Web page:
Pretty in Pink (Dir. Howard Deutch, 1986) - We've seen the poor-girl-falls-for-a-rich-boy story a million times, but this effortlessly charming Molly Ringwald-starrer penned by John Hughes is a worthwhile watch, largely due to Hughes' empathy for his characters and the fantastic soundtrack.

Return to Oz (Dir. Walter Murch, 1985) - The only film directed by Oscar-winning editor and sound designer, Walter Murch, RETURN TO OZ is an odd bird. Produced by Disney as a sequel to THE WIZARD OF OZ, RETURN has nothing in the way of the lightness and kid-friendliness of the first. That being said, it is visually astonishing (its VFX were Oscar-nominated and still look great today) and should be commended for its commitment to its weirdness. While not a perfect film, RETURN TO OZ is an audacious vision that has cult favorite written all over it.

She's Having a Baby (Dir. John Hughes, 1988) - SHE'S HAVING A BABY sees John Hughes looking beyond high school in a dramedy thats obviously personal. Kevin Bacon and Elizabeth McGovern (in a sadly undeveloped role) are exceptional, and the film's honesty makes it ultimately hit home, even when a few subplots and detours threaten to derail it. BABY is not Hughes' best, but it is a sweet, ambitious piece that deserves much better than its reputation.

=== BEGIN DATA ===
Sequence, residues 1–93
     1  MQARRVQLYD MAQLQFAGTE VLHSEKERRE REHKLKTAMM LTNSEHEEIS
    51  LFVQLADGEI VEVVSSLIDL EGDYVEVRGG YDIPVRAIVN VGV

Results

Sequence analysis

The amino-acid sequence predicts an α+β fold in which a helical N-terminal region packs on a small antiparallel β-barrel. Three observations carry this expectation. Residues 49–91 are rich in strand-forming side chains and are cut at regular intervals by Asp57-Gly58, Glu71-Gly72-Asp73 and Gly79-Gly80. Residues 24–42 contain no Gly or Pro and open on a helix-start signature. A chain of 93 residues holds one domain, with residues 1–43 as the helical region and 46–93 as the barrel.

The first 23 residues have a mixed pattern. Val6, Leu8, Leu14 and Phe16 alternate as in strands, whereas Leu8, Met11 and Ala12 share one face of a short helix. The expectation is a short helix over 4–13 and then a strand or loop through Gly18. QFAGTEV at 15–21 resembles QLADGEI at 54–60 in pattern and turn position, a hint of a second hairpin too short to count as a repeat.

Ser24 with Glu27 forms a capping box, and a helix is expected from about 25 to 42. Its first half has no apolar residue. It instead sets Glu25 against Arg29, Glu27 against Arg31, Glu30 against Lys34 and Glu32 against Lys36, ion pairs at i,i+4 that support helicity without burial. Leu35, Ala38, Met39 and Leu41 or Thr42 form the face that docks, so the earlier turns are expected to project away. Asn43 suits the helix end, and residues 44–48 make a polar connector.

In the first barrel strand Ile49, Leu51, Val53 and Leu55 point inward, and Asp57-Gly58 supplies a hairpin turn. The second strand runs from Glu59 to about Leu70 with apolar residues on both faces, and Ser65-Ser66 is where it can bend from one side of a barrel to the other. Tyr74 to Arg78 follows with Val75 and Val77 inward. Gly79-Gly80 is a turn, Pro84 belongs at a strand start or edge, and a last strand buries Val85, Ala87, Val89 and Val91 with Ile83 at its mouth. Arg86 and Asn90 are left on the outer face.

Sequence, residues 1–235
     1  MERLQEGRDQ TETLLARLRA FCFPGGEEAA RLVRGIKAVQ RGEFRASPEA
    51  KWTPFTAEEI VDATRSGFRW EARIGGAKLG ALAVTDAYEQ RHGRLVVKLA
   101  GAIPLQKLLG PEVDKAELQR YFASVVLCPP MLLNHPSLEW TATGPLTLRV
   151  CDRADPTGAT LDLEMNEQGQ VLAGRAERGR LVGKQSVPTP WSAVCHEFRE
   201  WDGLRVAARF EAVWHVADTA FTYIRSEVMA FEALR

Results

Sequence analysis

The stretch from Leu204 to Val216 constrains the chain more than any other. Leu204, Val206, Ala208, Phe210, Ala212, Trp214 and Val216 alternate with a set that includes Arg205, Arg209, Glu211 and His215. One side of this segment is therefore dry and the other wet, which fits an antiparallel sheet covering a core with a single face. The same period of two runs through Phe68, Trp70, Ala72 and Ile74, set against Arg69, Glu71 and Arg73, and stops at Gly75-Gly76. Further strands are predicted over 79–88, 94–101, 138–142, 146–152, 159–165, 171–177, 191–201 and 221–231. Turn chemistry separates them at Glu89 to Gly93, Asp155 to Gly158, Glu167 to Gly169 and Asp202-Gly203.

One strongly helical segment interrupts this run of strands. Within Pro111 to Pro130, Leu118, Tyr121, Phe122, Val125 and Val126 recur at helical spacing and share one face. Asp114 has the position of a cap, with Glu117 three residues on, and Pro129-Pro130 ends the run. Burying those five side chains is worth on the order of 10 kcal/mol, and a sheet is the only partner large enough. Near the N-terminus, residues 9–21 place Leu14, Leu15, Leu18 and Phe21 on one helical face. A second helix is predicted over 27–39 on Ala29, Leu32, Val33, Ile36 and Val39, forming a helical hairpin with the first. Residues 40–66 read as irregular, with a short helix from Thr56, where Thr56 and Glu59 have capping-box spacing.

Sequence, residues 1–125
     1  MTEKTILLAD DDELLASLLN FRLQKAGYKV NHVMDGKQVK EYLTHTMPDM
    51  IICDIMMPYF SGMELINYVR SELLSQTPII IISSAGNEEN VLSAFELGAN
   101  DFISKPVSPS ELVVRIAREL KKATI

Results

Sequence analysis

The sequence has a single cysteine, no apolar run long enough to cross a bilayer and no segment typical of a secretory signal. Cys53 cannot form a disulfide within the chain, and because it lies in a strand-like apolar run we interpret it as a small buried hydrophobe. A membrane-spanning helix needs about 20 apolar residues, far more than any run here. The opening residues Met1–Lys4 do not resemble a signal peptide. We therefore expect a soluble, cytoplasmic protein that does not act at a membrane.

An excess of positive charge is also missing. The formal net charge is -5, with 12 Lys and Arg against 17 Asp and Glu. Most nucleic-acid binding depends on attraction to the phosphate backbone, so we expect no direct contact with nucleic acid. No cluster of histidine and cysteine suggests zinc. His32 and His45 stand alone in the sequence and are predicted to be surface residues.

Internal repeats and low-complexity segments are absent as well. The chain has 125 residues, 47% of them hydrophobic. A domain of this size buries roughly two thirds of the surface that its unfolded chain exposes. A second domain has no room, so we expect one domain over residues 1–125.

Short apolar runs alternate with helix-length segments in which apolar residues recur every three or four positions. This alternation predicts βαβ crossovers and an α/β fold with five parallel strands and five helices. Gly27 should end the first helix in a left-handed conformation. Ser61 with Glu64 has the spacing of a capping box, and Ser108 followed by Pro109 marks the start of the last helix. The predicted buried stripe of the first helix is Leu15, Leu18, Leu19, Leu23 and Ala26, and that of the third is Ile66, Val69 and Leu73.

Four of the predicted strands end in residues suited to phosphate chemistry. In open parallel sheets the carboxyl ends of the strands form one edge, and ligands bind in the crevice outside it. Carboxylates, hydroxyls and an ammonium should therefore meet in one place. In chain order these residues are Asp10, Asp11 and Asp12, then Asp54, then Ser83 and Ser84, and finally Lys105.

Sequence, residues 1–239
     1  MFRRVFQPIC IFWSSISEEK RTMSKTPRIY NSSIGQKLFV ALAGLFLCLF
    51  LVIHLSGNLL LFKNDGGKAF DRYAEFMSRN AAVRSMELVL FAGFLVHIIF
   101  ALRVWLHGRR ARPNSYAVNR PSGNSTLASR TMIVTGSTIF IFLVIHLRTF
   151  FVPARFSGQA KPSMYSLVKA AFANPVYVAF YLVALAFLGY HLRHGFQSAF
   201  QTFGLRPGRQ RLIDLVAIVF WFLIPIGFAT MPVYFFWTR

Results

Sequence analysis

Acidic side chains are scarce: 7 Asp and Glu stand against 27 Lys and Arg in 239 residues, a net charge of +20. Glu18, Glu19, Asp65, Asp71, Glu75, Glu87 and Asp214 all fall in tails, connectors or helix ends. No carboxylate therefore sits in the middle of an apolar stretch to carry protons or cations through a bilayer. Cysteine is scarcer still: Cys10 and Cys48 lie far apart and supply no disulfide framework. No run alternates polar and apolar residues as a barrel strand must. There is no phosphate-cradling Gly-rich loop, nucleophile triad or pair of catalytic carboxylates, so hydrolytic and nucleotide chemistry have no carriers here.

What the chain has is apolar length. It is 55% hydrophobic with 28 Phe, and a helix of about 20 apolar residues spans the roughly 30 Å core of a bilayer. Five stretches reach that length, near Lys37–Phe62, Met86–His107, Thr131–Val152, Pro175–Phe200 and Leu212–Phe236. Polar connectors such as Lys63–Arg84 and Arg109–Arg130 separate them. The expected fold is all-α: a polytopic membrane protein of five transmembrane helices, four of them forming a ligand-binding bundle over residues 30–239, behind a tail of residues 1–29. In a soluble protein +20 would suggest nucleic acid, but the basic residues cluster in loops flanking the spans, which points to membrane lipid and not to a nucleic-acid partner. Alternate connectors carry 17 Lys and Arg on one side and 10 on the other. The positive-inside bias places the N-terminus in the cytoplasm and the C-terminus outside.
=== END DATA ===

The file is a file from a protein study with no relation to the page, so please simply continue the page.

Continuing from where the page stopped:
Sleepless in Seattle (Dir. Nora Ephron, 1993) - A gigantic hit and a cultural touchstone, SLEEPLESS IN SEATTLE is a film I couldn't believe I hadn't seen. The opening chunk is surprisingly moving, and Tom Hanks is his typically charming self, but the story falls apart due to a series of contrivances that defy logic. The fact that Ephron expects the audience to think Meg Ryan's character essentially stalking Hanks' throughout the film's second half is sweet and cute was hard to stomach.

WarGames (Dir. John Badham, 1983) - A Cold War-era thriller about a teen who accidentally hacks into a government nuclear program and, as a result, almost causes WWIII, WARGAMES is one of the best Spielbergian films that Spielberg didn't direct. A beautifully-crafted, clever, and compelling film.

Weird Science (Dir. John Hughes, 1985) - John Hughes' WEIRD SCIENCE is the black sheep of his '80s filmography. Arriving right after THE BREAKFAST CLUB and right before FERRIS BUELLER'S DAY OFF, this sci-fi teen comedy about two social outcasts who create the "perfect" girl lacks laughs and goes overboard with its visual effects. WEIRD SCIENCE has none of the insight and empathy that distinguished Hughes' best work.

The Warriors (Dir. Walter Hill, 1979) - THE WARRIORS, Walter Hill's cult classic about gang warfare in '70s NYC, is gritty, violent, and relentlessly grim. The film works best when it explodes with violence, as Hill shoots and choreographs his action sequences with mastery.